Free Subscription

  • Access daily briefings and unlimited news articles


Only $34.95 per year
  • Quarterly magazine and digital
  • Indepth executive interviews
  • Unlimited news and insights
  • Expert opinion and analysis

Australia’s fresh vegetable exports lift to $299 million

Young man alone in grocery store. Cut view guy hold trolley hand. Basket full of vegetables and fruit. Standing at baskets with good grocery.

High demand for fresh Australian vegetables in key export markets saw exports increase by 6.6 per cent in value to A$299 million in 2019 according to Ausveg.

Carrots continued to be the largest export product last year with 34 per cent of the total exported volume. Some of the other sought after fresh produce includes potato, onion, celery, broccoli and cauliflower.

Onions experienced the most export growth in 2019, with the value of exported produce increasing by 67 per cent to A$40 million last year. Tasmanian growers were the biggest contributors to this increasing exports by 91 per cent. Western Australian and South Australian growers also saw a growth in their exports by 67 per cent and 47 per cent respectively.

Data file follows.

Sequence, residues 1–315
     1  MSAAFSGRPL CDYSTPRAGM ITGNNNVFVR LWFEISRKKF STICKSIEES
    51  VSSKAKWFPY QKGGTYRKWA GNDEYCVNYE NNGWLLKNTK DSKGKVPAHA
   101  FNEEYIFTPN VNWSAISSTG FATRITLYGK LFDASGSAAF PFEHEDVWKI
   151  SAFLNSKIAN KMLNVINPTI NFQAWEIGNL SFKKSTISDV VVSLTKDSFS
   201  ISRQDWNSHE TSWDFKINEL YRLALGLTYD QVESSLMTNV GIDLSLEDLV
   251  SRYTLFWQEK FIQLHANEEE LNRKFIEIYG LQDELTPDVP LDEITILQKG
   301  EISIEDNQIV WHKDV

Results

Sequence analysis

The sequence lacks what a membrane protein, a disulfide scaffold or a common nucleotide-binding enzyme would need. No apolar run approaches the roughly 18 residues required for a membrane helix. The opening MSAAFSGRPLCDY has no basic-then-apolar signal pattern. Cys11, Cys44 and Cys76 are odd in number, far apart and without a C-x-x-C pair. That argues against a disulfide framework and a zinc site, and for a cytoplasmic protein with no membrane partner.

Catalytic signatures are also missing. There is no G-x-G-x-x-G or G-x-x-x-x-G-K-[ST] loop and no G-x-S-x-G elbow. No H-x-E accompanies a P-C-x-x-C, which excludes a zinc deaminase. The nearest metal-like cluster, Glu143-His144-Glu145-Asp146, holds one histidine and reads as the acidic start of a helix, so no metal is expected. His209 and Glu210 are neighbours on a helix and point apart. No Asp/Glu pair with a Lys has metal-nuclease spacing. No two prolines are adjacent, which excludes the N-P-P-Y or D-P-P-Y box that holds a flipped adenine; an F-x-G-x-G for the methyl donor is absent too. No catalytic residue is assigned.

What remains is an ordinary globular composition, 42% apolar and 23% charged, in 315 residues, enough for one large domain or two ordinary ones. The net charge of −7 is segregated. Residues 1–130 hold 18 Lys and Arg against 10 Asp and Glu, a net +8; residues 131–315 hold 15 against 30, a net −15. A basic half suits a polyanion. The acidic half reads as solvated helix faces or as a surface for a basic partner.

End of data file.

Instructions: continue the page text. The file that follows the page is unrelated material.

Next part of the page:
The volume of fresh vegetable exports have also grew despite challenging trading and production conditions. Volume increased by 5.4 per cent to 230,000 tonnes in 2019.

Ausveg said the top markets for Australian fresh vegetables remained stable last year, including Singapore, United Arab Emirates, Japan, Malaysia and Saudi Arabia (replacing Hong Kong for fifth position).

Ausveg national manager – export development Michael Coote said the Australian vegetable industry made significant progress in gaining more exports which shows how hard the vegetable growers are working.

“The continued rise in the value of vegetable exports is particularly impressive when you consider that Australian vegetables, including onions, are lower-priced products that are being grown in a high-cost environment, due to the rising costs of labour, electricity and water. So even as they experience vulnerability to fluctuating exchange rates that make it harder for vegetable growers to compete in a global market, fresh vegetable exports continue to grow,” said Coote.

He said that the Vegetable Industry Export Program by Ausveg and Hort Innovation helped facilitate exports by bringing over 40 buyers to see local production.

“The industry is well on its way to reach the ambitious target of A$315 million in fresh vegetable exports by 2020 as outlined by the industry’s export strategy. We are working with growers to ensure they have the skills and knowhow to improve their ability to export their produce and capitalise on increasing demand for fresh, Australian-grown vegetable produce,” said Coote.

You have 3 free articles.